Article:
John Hurrell – 20 January, 2016
With Benge's layouts, we can ponder the relationship between the vertical rectangles on each of the two-page spreads (matching patterns, shape, colour or content), or between them and the backdrop. Then there are the connections between details of the imagery of two consecutive page spreads that become obvious when you turn a page. There is also the relationship between Benge's chosen imagery and the lines of poems chosen by de Castro-Robinson for titles - domestic garden imagery for example.
I stayed a minute
Music composed for a two-sided 12 inch vinyl record by Eve de Castro-Robinson
Photography: Harvey Benge
32 page hardcover booklet as record sleeve
This unusual collaboration features a creative partnership between contemporary classical composer Eve de Castro-Robinson and photographer/bookmaker Harvey Benge: de Castro-Robinson’s music formatted onto a vinyl LP, and the record sleeve’s sequence of 14 double-page spreads (that come after the square cover and single page intro image) providing backgrounds for Benge’s colourful images and overlaid vertically rectangular inserts.
The result is a sort of art object, even though to say that undermines de Castro-Robinson’s aural contribution. The disc has to be played and listened to, not looked at as a black circle placed alongside Berge’s complex contributions, when seen in an open hardcover book designed by UnkleFranc.
I happen to be a CD enthusiast who abandoned vinyl years ago, any regret about the greatly diminished artwork being assuaged by the ‘dust-free’ CD sound which I’m happy with. (And I’ve no interest in the more reduced frequency range of MP3s.) Because I have no turntable, I managed to persuade (brilliant film writer) Steve Garden of the extraordinary Rattle records to burn me a CD. However you could argue (leading from what I’ve said above) that this is cheating, and that handling the vinyl record, removing it from the jacket/ book, placing it on the turntable and positioning the needle on its outer rim is part of the ‘listening deal’ that Eve de Castro-Robinson requires. That that physical action is a muscular prerequisite for participating in de Castro-Robinson and Benge’s project.
So here are some observations about the interplay of visual and aural components in this package, such as for example, that the three sections of each of de Castro-Robinson’s two compositions vaguely correlate with the three divisions of most of Benge’s double page spreads.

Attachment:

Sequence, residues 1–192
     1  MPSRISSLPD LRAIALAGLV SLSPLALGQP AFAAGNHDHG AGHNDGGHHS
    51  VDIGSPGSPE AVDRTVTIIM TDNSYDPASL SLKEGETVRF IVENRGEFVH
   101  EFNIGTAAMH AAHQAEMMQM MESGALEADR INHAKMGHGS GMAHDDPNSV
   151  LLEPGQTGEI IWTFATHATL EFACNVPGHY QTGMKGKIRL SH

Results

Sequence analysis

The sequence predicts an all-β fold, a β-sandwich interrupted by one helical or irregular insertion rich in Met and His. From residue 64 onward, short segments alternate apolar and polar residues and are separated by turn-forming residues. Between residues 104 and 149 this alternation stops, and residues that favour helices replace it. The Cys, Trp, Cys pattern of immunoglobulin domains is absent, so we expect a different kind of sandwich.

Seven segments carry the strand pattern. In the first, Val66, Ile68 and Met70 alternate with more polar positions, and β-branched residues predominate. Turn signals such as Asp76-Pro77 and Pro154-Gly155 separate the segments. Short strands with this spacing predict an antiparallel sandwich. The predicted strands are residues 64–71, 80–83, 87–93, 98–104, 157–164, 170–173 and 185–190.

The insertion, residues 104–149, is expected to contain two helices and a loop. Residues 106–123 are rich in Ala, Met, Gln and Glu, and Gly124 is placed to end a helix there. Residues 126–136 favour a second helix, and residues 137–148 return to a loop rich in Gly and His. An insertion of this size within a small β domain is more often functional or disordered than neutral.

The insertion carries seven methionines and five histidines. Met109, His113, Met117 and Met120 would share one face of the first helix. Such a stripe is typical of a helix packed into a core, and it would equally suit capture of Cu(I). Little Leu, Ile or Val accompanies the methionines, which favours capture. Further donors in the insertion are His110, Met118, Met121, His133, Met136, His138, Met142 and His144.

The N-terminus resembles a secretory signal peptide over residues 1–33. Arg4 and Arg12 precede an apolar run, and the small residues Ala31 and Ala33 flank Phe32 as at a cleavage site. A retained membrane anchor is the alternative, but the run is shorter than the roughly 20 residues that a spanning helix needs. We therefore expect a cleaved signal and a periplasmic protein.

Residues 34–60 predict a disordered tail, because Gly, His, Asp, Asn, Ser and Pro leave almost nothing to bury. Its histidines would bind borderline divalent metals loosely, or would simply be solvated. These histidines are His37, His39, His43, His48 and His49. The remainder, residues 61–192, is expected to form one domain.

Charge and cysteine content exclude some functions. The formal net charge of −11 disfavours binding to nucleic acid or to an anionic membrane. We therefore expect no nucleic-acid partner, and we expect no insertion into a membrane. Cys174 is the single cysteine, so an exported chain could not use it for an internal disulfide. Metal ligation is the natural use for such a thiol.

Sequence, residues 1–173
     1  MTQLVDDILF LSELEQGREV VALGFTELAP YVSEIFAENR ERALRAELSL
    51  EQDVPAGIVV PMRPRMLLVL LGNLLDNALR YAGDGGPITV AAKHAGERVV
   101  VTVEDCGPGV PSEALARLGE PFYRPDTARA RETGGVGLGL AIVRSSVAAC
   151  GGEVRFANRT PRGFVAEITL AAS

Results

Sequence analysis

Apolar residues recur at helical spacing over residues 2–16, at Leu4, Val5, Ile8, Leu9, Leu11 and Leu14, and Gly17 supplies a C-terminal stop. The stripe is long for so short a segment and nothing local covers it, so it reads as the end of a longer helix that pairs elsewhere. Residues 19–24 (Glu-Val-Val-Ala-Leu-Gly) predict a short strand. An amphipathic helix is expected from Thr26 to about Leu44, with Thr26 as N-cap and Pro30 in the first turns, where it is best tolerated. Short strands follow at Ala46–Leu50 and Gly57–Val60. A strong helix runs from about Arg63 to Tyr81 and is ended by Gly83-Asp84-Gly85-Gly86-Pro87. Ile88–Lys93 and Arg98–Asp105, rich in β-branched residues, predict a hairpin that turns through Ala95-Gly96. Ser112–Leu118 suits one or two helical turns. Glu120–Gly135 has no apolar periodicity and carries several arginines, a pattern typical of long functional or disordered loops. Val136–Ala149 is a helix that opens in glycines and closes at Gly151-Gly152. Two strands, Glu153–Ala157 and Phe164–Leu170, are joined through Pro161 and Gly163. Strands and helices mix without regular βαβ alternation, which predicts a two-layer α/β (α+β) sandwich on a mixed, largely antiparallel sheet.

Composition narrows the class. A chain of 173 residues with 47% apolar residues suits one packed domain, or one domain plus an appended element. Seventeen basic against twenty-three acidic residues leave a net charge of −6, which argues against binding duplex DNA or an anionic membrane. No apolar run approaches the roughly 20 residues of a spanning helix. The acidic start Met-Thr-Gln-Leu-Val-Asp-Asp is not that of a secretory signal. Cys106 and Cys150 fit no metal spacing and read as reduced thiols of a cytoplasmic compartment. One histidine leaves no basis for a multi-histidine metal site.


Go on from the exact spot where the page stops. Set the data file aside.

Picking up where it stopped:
With Benge’s layouts, we can ponder the relationship between the vertical rectangles on each of the two-page spreads (matching patterns, shape, colour or content), or between them and the backdrop. Then there are the connections between details of the imagery of two consecutive page spreads that become obvious when you turn a page. There is also the relationship between Benge’s chosen imagery and the lines of poems (often by Bill Manhire) chosen by de Castro-Robinson for titles - domestic garden imagery for example.
The cover (taken in a Parisian sex-shop), and opening image (of a crumpled cardboard box under plastic sheets) are particularly striking, and some of the spreads, especially nos. 2, 6 and 8) are very effective in their synthesising of elements from different sources.
Benge’s images here are not typical of his practice (as seen in his books) in that there are no portraits - but they are characteristically urban with their public street frontages, household objects and domestic environments; de Castro-Robinson’s contributions on the other hand are surprisingly intimate with the commissioned pianist occasionally singing or playing percussion as well. There is often something very private within the experience of listening to a solo perfromance that art rarely gets near.
Both of de Castro-Robinson’s compositions are performed by the keyboard player and countertenor, Dean Sky-Lucas. They are each about twelve minutes long. While playing the keys or strumming the strings of a piano, Sky-Lucas also taps a bell and tamtam gong in Ring True, and whispers, sings, chants, hums and claps in The Garden was Full of Voices.
The first composition has a Debussy-like prettiness, especially in its middle section (wild dissolving bliss) where the tinkling notes cascade and ripple, while the second is more austere. It uses a more regularly repeated rhythm of single treble notes that builds up tension through its simplicity to climax with hissing whispers. Then, by using greater volume - and incorporating middle and lower range - it creates a compellingly layered work of textural complexity. You can listen to a sample here.
Through this inventive artistic collaboration it is obvious that the relationship between the two senses and ‘parallel’ artforms is complicated. However there is an interesting argument that no one sense (least of all visual), can ever be pure or isolated. Each ‘single’ sense is a hybrid of many, that visual and aural aspects are inevitably fused together. Here is Tom Mitchell on the subject, in a fascinating (surely provocative) essay: There are no visual media.
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